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Google Cloud VP addresses common A.I. concerns

November 08, 2021 00:00 AM UTC
- Updated November 08, 2021 22:50 PM UTC

Dr. Andrew Moore of Google Cloud speaks on how A.I. can be more accessible for all.

Transcript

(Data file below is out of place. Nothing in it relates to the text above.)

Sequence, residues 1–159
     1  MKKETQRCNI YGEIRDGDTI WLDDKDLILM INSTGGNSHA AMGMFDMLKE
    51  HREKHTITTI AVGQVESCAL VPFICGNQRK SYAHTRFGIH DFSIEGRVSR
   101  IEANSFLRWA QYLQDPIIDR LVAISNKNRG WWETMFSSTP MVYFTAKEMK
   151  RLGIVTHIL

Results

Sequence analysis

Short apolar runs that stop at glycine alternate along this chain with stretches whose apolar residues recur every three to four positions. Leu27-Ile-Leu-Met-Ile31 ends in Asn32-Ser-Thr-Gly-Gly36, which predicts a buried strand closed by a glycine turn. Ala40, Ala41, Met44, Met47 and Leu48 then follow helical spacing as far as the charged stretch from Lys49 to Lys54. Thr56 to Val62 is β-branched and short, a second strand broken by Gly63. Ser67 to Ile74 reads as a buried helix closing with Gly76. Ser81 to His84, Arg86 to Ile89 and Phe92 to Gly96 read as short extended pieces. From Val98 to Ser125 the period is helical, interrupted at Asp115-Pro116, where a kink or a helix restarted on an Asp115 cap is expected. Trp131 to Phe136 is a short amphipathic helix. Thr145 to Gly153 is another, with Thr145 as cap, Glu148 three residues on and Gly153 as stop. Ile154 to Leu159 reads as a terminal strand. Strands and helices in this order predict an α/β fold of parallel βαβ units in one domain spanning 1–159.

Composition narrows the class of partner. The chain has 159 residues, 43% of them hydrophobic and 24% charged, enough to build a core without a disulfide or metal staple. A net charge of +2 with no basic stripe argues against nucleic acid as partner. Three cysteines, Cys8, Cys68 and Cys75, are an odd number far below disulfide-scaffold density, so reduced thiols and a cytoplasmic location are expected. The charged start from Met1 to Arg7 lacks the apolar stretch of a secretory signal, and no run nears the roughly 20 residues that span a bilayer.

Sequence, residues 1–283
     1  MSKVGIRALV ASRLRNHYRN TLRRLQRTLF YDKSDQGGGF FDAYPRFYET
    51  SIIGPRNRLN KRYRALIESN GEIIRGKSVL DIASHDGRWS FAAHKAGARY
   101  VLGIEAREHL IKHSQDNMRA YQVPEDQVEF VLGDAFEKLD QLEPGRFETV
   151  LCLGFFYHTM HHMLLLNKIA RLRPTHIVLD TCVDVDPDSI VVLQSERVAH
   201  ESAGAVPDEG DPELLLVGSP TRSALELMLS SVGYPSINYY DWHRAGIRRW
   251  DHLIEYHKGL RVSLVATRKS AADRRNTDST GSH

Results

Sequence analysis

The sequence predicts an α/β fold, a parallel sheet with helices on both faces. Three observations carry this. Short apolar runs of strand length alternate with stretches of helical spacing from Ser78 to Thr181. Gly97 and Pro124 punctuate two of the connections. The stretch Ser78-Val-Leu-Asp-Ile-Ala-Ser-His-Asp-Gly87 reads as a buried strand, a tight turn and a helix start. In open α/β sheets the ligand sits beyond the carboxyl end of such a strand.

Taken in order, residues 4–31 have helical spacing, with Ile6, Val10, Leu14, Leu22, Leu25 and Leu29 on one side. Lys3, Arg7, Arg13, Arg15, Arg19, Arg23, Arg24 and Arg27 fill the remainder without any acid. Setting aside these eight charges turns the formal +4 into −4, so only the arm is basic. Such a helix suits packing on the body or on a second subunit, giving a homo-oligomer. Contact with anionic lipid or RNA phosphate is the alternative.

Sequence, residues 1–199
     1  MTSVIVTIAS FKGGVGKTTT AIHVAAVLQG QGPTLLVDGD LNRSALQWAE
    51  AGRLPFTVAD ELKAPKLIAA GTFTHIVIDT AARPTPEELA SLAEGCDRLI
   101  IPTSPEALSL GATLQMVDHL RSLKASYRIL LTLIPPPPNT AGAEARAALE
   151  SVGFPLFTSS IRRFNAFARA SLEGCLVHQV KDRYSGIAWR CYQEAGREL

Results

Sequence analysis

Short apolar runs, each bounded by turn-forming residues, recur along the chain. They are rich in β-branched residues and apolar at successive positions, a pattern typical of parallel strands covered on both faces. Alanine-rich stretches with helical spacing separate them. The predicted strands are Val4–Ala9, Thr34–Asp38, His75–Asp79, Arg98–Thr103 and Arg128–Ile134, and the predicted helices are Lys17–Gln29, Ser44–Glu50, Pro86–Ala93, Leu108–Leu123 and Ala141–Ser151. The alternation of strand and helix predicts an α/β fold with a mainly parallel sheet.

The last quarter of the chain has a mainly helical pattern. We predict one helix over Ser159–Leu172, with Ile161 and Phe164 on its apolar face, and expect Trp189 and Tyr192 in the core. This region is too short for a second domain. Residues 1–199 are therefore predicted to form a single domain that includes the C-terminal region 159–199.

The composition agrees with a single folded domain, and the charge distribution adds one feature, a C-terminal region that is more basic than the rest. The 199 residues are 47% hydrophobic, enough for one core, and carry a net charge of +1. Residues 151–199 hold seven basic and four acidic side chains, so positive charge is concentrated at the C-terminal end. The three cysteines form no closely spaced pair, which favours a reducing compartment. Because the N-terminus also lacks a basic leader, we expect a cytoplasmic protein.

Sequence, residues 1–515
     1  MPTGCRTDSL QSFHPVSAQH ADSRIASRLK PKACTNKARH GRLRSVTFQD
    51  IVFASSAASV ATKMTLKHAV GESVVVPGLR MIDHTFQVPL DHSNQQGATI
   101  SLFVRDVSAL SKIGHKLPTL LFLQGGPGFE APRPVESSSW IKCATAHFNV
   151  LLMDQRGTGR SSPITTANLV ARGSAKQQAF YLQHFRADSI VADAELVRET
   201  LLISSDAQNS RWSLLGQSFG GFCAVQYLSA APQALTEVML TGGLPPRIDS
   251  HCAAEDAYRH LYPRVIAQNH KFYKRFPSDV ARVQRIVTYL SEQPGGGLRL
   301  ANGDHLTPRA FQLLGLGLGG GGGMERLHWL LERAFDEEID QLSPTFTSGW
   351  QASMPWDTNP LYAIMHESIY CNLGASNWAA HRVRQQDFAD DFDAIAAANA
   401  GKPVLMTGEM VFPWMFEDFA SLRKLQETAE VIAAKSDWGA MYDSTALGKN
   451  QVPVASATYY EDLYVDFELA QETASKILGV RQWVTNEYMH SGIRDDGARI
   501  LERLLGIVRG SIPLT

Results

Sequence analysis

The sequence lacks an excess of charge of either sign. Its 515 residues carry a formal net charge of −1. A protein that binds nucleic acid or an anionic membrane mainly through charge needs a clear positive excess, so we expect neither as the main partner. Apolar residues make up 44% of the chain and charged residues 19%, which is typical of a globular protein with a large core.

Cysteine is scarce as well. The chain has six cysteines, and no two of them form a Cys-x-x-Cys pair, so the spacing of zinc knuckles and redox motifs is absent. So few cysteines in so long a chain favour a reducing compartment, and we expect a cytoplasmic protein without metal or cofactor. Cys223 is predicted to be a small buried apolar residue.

Yeah. Andrew google has invested a tremendous amount in cutting edge ai for its own business, but also to build out these tools that can offer to its customers, including its cloud service customers. But there are a lot of companies that are wary of this, they're worried about getting locked into one cloud provider for instance, and they're also a little bit concerned about tools that they have not trained themselves on their own data. I'm curious to google. How are you addressing those concerns? And and do you think that's a legitimate worry for these companies have? I think it is by far the most common thing now for companies to go with a multi cloud approach and speaking both for myself as a academic practitioner and for google. Uh I think that's incredibly healthy. So uh we don't like to see it when there's a system where every part of the stack depends on uh every other part of the stack which requires this kind of lock in. What What I have found. And this has been a remarkable thing for me just over the last 18 months is how difficult it is to ask a customer over a customer internally to suddenly produce a petabyte of data to train a machine learning model for that customer. So uh we and google because of this, we've been working so hard on the question of how to reduce data requirements for users of ai And if you don't mind, I want to give an example of this yet. So uh visual inspection, Very important thing in manufacturing is a non-0 sum improvements to have fewer defects in parts and finished products. But if every time you want to train up an ai to spot floors, you have to spend months sort of showing it positive and negative examples that really reduces the speed of uh usage of this kind of thing. So, uh, some of my more uh cantankerous engineers got fed up with this uh, and really pushed hard on the question of what is a generic notion of a fault? Is that saltiness as a general concept? And just trained up a eyes to across the board, get an idea of whether something is faulty or not without having been trained in a particular discipline. And to my surprise and horror because they really were cantankerous about it. They were right, we actually can do this kind of thing. And so now, uh, we are not in a position where the first thing we have to talk to with the customer is persuade them to give us like a million examples of a good product and 1000 examples of a bad product. It's now more like 10 of each. And that's been a huge Bennett. Well, that's interesting. I mean, we've seen this with computer vision, as you say, obviously that's happening with language where you have these sort of foundational models. Um, but and and google is using these, it's got Bert, it's got mum the planes the search results. But as you know, there's been a tremendous concern about well what if there's bias kind of baked into these foundational models, you know, what if I'm learning that embedding of what is a flaw look like there's some bias that you're not aware of and then you're going to use that to train, you know, with a few shot learning, you know, for your specific use case. What what happens if you kind of ingest that bias? This has been kind of controversial, you know, within google itself, what is google doing to kind of address that concern about bias? So this is genuinely hard problem. And I would love to be able to tell you that there's a great google approach at the moment. I would say we are extremely conservative but our approach is very people intensive. So if you take uh an implementation of an AI pipeline, maybe something for loan approvals or job applications or uh research, health research study, uh eligibility and so forth. These are all extremely dangerous ones where it's perfectly possible for the training data to inherit. Uh some of the uh biases in the world. Each of these cases has to have folks looking not just at the technology piece but at the change whatever change management, remember I said ai is change change management is involved in it to ask what are the ways in which this could make things even worse or make things better for our sort of attempts to have a inclusive world. So of course, we have statistical tests to do various kind of stratified analyses to to give a warning light if there's an obvious relationship, unexplainable correlation between the protected attributes and an outcome. But that's definitely not enough right now, and I will push back very hard if someone says there's going to be an automated engine for this.